05 Jul Police target drug dealers as fatal opioid overdoses mount
When she died of an overdose inside the bathroom stall at the small Norwich restaurant where she worked, Carolyn de Wit’s death laid bare the reality that the powerful painkiller fentanyl had arrived in Southwestern Ontario.
It also signalled the opening of a new front in the justice system’s fight against the opioid drug crisis sweeping the region and Ontario. William Knapp, de Wit’s cousin’s husband, was charged with manslaughter in the January 2016 death of the 32-year-old mother of three.
Knapp had sold de Wit a single 50-microgram patch of the powerful painkiller from his own prescription. By pleading guilty to criminal negligence causing death, a conviction that sent him to prison for two-and-a-half years, he admitted he knew how dangerous the drug could be.
Since Knapp’s case, there’s been a spike in manslaughter charges laid across Ontario against people whom police allege supplied the drugs to overdose victims. Ontario has joined other provinces and several U.S. states looking to the courts to punish drug dealers pushing the drug, which is 100 times more powerful than heroin.
The movement of those yardsticks in the face of the deadly opioid crisis is no coincidence.
“The evolution of the trend has a lot to do with the evolution of the crisis,” said OPP Supt. Bryan MacKillop, the director of the provincial police force’s organized crime enforcement bureau.
“As increased numbers of overdoses occur, you’re going to see increased enforcement, increased number of charges and increased targeting of the people who are trafficking these drugs.”
The target, he said, is “on the people who are trafficking, selling, importing and manufacturing these drugs that are killing people.”
In Ontario, since de Wit’s death in her Oxford County town, manslaughter charges related to overdoses have been laid in Norfolk, South Simcoe, Lambton, North Bay, Perth, Huron, Bruce, York Region and the Sudbury area. Most of those charges were laid this year.
“We’ve got a responsibility to hold criminal offenders accountable,” said Greater Sudbury police Chief Paul Pederson, the incoming president of the Ontario Association of Chiefs of Police.
“From a policing perspective, we’re really getting our heads around the fact that people who are manufacturing (the drugs), the people who are then dealing in these illegal and deadly substances, have to be held to the highest level of accountability possible.”
The reasons are as plain as the skyrocketing statistics. Opioid-related deaths have been increasing since 2003, but took a huge leap in 2015 and 2016. Public Health Ontario reports that 1,394 people died of opioid-related overdoses in 2018, up from 2017.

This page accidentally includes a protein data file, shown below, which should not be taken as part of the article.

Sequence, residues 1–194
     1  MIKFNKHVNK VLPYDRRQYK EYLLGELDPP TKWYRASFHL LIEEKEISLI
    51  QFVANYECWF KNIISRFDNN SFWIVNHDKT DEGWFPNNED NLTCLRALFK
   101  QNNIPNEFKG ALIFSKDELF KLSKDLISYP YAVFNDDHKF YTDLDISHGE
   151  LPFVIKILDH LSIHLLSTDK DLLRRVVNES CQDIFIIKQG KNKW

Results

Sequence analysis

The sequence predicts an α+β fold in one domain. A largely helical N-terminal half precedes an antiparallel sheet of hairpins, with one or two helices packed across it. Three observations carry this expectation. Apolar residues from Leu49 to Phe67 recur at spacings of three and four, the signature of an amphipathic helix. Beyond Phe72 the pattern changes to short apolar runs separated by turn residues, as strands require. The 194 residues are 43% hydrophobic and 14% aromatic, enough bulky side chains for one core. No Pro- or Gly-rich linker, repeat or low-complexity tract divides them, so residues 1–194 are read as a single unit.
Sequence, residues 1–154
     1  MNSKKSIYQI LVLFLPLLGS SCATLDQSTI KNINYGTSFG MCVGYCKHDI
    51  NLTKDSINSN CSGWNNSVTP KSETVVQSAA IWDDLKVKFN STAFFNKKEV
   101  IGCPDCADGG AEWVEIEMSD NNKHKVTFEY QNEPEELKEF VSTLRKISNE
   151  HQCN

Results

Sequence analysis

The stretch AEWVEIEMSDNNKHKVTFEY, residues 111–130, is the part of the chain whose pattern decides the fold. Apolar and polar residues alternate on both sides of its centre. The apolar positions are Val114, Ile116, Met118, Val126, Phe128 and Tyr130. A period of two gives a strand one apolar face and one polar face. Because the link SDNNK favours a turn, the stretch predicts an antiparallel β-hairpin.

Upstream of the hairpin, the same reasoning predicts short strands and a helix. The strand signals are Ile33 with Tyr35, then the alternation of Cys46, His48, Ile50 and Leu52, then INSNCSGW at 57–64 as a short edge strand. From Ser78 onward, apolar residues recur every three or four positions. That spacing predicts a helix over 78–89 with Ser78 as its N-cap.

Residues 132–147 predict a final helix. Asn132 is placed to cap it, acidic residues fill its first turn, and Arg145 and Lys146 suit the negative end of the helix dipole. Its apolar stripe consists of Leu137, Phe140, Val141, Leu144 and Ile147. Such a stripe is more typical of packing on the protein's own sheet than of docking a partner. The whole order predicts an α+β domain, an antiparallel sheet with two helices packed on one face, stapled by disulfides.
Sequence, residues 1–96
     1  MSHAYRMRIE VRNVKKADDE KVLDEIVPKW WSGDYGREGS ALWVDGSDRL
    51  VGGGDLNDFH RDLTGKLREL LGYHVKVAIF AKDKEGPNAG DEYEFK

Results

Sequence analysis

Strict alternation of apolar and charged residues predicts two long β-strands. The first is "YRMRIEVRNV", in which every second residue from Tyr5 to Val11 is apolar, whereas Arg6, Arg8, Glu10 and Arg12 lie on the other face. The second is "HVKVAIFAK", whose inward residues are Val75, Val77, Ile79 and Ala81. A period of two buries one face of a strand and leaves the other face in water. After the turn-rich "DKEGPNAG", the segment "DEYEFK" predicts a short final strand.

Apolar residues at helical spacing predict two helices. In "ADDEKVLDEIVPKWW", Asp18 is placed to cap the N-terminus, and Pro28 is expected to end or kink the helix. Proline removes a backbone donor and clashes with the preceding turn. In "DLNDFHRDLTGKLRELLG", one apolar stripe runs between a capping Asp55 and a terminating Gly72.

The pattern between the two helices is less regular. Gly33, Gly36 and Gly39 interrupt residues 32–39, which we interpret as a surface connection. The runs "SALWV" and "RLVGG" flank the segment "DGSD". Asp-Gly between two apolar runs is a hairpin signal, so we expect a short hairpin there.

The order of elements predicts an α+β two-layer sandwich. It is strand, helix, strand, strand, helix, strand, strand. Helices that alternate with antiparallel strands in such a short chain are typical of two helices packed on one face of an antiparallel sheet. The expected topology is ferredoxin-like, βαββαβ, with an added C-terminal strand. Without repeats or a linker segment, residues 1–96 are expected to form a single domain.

The OPP say there was a 35 per cent increase in overdose deaths in the first quarter of 2019 compared to the same period last year. They note in a recent report that other areas of Canada have seen even greater increases in the number of deaths.
The spike in charges relates to the OPP and other police forces taking a new investigative approach. MacKillop said the police have embedded the definition of overdose – cited in Canada’s Good Samaritan Drug Overdose Act – into their policies and are embarking on “comprehensive and consistent investigations of all overdoses across the board,” with a clear eye on targeting the traffickers.
Pederson said any charges are laid in consultation with local Crowns. What’s necessary is “a clear line” from purchase to the consumption of the drug and a cause of death that is directly related to the opioid.
Fentanyl can kill a first-time user with as little as two milligrams. It’s dangerous enough on its own, but more troubling is the ease with which it can be mixed with other street drugs. Some of it comes from prescription medication, but a powerful illegal fentanyl from overseas labs, with unregulated dosages, is being smuggled into the country.
Added to the crisis is the introduction of carfentinil, a fentanyl-related opioid that’s 10,000 times stronger than morphine.
“It really is a deadly game of Russian roulette” for street drug users, Pederson said.
MacKillop said the ultimate goal is to tear down distribution channels both nationally and internationally. But fentanyl trafficking has unique features and has changed the definition of the typical drug dealer.
The opioid crisis includes “cyber-enabled criminals who are able to order synthetic opioids over the dark web and have it delivered right to them,” he said.
“It’s a new type of drug dealer, who doesn’t necessarily have to take advantage of or be part of the larger drug distribution network we’re seeing in organized crime.”
Enforcement is only one prong in the approach to help the addicted and punish the pushers.
Since the OPP adopted its new policy in September, there have been more investigations “because we are trying to attack this from both sides.
“The overarching goal, as we deal with these investigations consistently and thoroughly across the province, is that they fuel larger-scale investigations,” MacKillop said.
Opioids have created “a whole new world,” and manslaughter charges are a logical offshoot given the number of deaths, one Southwestern Ontario expert says.
“It’s a killer drug,” said Brian Farmer, a retired Crown attorney and law professor. “This is no different than walking down Dundas Street with a loaded handgun, just shooting it off. You’re going to kill somebody.”